Hello World

JDeveloper's deployment framework predates Ant, Maven and other such build and project management tools, but you'll find similarities in the concept even if there are differences in terminology and implementation. For one, to change anything in deployment a JDeveloper Extension has to be plugged in. You can find many examples on how to write a JDeveloper Extension in the Extension SDK docs (ESDK) available with JDeveloper. The examples here will work with JDeveloper 11.1.2.x.

The deployment process is a series of steps, each step uniquely identified by a "Sequence". Sequences are analogous to targets in Ant. A sequence may consist of other child sequences that all have to be processed, just like a target can decompose into other targets. The actual processing or step is done by a "Deployer" that is tied to that sequence.

 Lets write the canonical "Hello World" example using the deployment APIs. The deployment sequence for this example will just print the greeting and exit.

Create the following classes:

1. A simple Element: Typically JDeveloper deployment operates on a target, like an Application or Workspace, a Project, or a Deployment Profile within an IDE Context, but for this short example since we do not have a valid target, we'll just make one up and stick it in empty context.

2. A Deployer: To print the message

3. A DeployerFactory: To plug in the Deployer at the correct point.

DefaultElement.java

import oracle.ide.model.DefaultElement; 
public class MyElement extends DefaultElement {} 

 

MySequences.java

import oracle.jdeveloper.deploy.DeploymentManager;

public interface MySequences {
  final static int GREETING_SEQUENCE = 
                             DeploymentManager.getDeploymentSequence("greetingSequence");
}

GreetingDeployer.java 

import oracle.jdeveloper.deploy.DeployShell; import oracle.jdeveloper.deploy.common.AbstractDeployer; public class GreetingDeployer extends AbstractDeployer { public GreetingDeployer(int currentSequence) { super( currentSequence ); } @Override protected void deployImpl(int i, DeployShell deployShell) { deployShell.getLogger().info("Hello World!"); } }

MyDeployerFactory.java

import oracle.jdeveloper.deploy.DeployShell;
import oracle.jdeveloper.deploy.Deployer;
import oracle.jdeveloper.deploy.DeployerFactory;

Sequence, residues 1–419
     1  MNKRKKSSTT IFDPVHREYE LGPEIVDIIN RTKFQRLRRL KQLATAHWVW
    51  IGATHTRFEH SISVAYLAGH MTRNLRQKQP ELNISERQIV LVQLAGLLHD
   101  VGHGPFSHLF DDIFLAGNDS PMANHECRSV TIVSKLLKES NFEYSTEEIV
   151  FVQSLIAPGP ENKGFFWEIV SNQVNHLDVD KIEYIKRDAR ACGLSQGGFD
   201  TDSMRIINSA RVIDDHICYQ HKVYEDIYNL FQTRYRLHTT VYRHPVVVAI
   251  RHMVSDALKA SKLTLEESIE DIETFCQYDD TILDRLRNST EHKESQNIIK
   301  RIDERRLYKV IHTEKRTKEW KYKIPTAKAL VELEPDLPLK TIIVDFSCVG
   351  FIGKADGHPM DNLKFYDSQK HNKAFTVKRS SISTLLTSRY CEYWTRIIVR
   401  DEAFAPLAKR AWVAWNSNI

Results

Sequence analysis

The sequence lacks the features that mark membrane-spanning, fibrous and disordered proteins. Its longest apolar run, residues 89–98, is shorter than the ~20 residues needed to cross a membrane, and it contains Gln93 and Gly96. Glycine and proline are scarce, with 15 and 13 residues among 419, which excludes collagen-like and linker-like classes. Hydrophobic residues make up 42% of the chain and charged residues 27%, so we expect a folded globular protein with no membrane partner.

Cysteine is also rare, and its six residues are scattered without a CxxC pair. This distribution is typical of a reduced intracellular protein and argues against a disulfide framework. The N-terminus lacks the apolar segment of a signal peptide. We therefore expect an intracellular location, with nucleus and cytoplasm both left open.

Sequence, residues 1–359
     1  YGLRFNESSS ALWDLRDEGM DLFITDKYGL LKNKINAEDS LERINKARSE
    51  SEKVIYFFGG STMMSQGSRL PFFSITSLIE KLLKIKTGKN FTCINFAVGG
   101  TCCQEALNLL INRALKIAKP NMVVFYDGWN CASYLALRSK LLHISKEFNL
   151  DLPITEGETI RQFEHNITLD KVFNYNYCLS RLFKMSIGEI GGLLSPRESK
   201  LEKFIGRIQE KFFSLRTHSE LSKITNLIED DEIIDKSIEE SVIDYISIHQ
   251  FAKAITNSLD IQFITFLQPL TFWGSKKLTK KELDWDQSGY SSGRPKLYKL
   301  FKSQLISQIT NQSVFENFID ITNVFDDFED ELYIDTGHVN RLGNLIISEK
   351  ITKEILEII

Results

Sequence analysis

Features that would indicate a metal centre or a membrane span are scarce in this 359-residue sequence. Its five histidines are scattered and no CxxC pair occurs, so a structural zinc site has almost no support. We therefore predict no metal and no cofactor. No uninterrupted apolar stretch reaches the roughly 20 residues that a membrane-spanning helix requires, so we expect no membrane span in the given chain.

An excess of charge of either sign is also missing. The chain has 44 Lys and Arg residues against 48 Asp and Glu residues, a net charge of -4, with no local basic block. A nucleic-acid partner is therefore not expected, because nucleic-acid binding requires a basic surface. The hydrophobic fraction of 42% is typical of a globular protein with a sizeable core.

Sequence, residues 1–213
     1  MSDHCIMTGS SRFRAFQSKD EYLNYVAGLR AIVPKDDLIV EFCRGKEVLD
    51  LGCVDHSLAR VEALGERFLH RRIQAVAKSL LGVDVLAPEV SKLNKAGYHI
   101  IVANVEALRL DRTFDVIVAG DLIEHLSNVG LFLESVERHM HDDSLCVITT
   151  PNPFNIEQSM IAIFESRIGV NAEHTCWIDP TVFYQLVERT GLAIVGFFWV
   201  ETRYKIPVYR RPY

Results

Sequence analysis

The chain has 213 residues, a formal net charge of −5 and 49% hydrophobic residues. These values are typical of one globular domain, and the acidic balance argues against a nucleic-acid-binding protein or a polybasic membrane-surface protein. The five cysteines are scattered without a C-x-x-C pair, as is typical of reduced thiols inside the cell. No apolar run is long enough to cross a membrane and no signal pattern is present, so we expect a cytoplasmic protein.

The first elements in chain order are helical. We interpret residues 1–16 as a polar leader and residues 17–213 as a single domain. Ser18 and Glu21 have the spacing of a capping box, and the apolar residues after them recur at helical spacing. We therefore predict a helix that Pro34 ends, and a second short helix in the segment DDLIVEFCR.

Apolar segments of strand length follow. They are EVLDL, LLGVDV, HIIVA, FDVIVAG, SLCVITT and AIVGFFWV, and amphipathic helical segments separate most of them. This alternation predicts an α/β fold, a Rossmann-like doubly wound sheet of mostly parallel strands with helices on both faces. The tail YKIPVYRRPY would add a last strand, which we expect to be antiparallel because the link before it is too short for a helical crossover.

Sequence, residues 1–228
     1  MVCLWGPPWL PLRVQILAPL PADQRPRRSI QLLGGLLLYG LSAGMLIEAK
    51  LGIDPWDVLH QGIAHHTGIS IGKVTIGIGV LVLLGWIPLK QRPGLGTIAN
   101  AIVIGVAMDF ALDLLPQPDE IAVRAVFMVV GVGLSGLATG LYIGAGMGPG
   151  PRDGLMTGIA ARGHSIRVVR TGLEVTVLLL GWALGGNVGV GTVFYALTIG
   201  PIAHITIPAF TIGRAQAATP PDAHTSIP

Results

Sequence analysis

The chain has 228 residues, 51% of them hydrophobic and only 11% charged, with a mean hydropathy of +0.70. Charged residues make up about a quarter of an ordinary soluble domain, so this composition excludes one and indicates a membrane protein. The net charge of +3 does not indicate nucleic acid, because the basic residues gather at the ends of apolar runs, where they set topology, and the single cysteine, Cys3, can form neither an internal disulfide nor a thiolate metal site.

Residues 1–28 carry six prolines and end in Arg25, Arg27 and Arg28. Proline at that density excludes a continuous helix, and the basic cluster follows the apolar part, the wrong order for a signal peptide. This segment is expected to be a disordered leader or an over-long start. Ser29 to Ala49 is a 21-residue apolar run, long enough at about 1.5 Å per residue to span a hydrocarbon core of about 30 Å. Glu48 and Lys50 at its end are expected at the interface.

import oracle.deploy.example.MySequences;

public class MyDeployerFactory implements DeployerFactory {

    
    public Deployer newDeployer(int sequence, DeployShell deployShell) {
        if ( sequence == MySequences.GREETING_SEQUENCE ) {
            return new GreetingDeployer(sequence);
        }
        return null;
    }

Register the DeployerFactory using "trigger-hooks" in the Extension Manifest ( extension.xml )

<trigger-hooks xmlns="http://xmlns.oracle.com/ide/extension"> <triggers> <deployment-hook xmlns="http://xmlns.oracle.com/jdeveloper/1013/jdev-deployment"> <deployer-factories> <deployer-factory> <deployable-class>oracle.deploy.example.MyElement</deployable-class> <factory-class>oracle.deploy.example.MyDeployerFactory</factory-class> </deployer-factory> </deployer-factories> </deployment-hook> </triggers> </trigger-hooks> 

Build and install the Extension and find a way to trigger the deployment. Usually this is via a menu or an IDE action. To run the deployment, get an instance of DeploymentManager and call it with the new sequence and an IDE Context. The following example shows this being triggered from a (menu) Controller

import oracle.deploy.example.MyElement;
import oracle.deploy.example.MySequences;

import oracle.ide.Context;
import oracle.ide.controller.Controller;
import oracle.ide.controller.IdeAction;
import oracle.ide.dialogs.ExceptionDialog;

public class MyController implements Controller { @Override public boolean handleEvent(IdeAction ideAction, Context context) { context.setElement(new MyElement()); try { DeploymentManager.deploy(MySequences.GREETING_SEQUENCE, context); } catch (Exception e) { ExceptionDialog.showExceptionDialog(context, e); } return true; } @Override public boolean update(IdeAction ideAction, Context context) { return true; } } 

Trigger the controller and you should be rewarded with these messages in your Log window.
Feb 25, 2013 12:35:09 PM oracle.jdevimpl.deploy.fwk.TopLevelDeployer prepareImpl
INFO: ----  Deployment started.  ----
Feb 25, 2013 12:35:09 PM oracle.jdevimpl.deploy.fwk.TopLevelDeployer printTargetPlatform
INFO: Target platform is Standard Java EE.
Feb 25, 2013 12:35:09 PM oracle.deploy.example.GreetingDeployer deployImpl
INFO: Hello World!
Feb 25, 2013 12:35:09 PM oracle.jdevimpl.deploy.fwk.TopLevelDeployer finishImpl
INFO: Elapsed time for deployment:  less than one second
Feb 25, 2013 12:35:09 PM oracle.jdevimpl.deploy.fwk.TopLevelDeployer finishImpl
INFO: ----  Deployment finished.  ----

Tip: Its a good practice to separate the View/Controller classes into a different extension from the deployer code which should have no GUI dependencies. As we'll see later this helps when running deployment from the command-line using ojdeploy. The JDeveloper Deployment API extensions (which are OSGi bundles) follow this convention, for example, there is the "deploy.core" bundle that is required for the above example, and "deploy.core.dt" bundle that is only required for accessing parts of the deployment UI within the IDE.
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